2. Do a “No Spend” Challenge

If you’re trying to save money for something in the future, try out a no spend challenge. For the next week, don’t spend any money on things that aren’t necessities. Stick only to your fixed expenses. Even doing this for just a week can open your eyes to some of the unnecessary things you’re letting go of money for.

3. Purge Your Closet

On a quest to become more organized, purging your closet probably plays a big role. Take anything out of your closet that you haven’t worn in the past 12 months and try it on. If you don’t still love it, donate it, sell it, or toss it. Go through all of the items that have accumulated on the shelves and on the floor and organize them in a way that allows you to know exactly where everything is.

4. Open an Investment Account

If you’re like me, finances in terms of stocks and investments aren’t your thing. However, it’s probably time to learn how to take charge of your money and make it work for you. Check out some investment newsletters to get yourself started.

5. Hydrate Yourself

Make a goal for the upcoming week to drink 64 ounces of water per day. It may seem like a lot, but after doing this for seven days straight, you will likely feel a difference in your health. Try to replace all other beverages with water to complete this weekly goal.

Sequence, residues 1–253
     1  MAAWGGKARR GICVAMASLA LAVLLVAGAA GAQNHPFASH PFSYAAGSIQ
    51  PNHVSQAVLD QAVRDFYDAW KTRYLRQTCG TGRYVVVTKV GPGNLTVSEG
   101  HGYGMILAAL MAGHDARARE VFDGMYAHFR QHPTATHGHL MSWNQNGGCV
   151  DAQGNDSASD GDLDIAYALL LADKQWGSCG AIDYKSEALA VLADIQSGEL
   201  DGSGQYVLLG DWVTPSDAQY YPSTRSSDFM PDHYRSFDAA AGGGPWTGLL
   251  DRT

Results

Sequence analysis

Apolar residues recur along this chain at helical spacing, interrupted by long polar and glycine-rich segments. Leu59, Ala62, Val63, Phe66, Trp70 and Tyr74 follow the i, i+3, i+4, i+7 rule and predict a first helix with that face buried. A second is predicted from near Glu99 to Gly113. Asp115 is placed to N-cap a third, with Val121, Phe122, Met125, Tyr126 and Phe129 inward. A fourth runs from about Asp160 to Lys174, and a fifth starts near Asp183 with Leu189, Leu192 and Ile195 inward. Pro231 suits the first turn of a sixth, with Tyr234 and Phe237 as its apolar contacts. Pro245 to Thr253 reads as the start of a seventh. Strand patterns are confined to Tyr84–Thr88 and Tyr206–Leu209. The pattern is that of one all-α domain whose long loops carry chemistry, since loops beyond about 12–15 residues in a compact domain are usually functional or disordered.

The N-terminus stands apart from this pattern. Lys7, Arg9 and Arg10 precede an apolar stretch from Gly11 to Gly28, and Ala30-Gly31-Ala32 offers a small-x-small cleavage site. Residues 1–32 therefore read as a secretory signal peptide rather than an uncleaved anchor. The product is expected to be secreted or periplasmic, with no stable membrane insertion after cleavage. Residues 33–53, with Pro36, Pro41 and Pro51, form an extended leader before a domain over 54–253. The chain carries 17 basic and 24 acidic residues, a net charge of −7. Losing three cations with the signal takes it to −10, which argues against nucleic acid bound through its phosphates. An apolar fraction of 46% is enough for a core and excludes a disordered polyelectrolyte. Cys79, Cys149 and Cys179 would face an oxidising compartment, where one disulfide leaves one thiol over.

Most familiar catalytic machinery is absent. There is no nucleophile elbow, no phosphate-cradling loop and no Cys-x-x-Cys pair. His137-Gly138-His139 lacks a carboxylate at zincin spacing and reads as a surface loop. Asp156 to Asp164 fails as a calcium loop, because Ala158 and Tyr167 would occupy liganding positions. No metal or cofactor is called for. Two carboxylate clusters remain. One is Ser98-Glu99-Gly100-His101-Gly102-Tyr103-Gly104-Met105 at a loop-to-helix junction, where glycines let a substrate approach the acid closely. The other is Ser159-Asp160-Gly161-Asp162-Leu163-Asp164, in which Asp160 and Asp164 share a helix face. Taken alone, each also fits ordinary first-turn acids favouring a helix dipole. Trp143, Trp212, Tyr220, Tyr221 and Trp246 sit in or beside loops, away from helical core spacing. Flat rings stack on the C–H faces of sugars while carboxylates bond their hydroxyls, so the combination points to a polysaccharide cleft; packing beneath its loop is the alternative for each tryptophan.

6. Go Vegan

Challenge yourself and see if you can eat a vegan diet for a week. Eating a strictly plant-based diet can have positive impacts on your body in as little as a week. If you can reach this health goal, you may realize that you’re more capable than you once thought of controlling what you eat.

7. Meditate for 5 Minutes Each Day

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You will be able to get an idea of how it can benefit you and help you on your journey toward self-improvement if you can set aside five minutes each day for a week to practice meditation.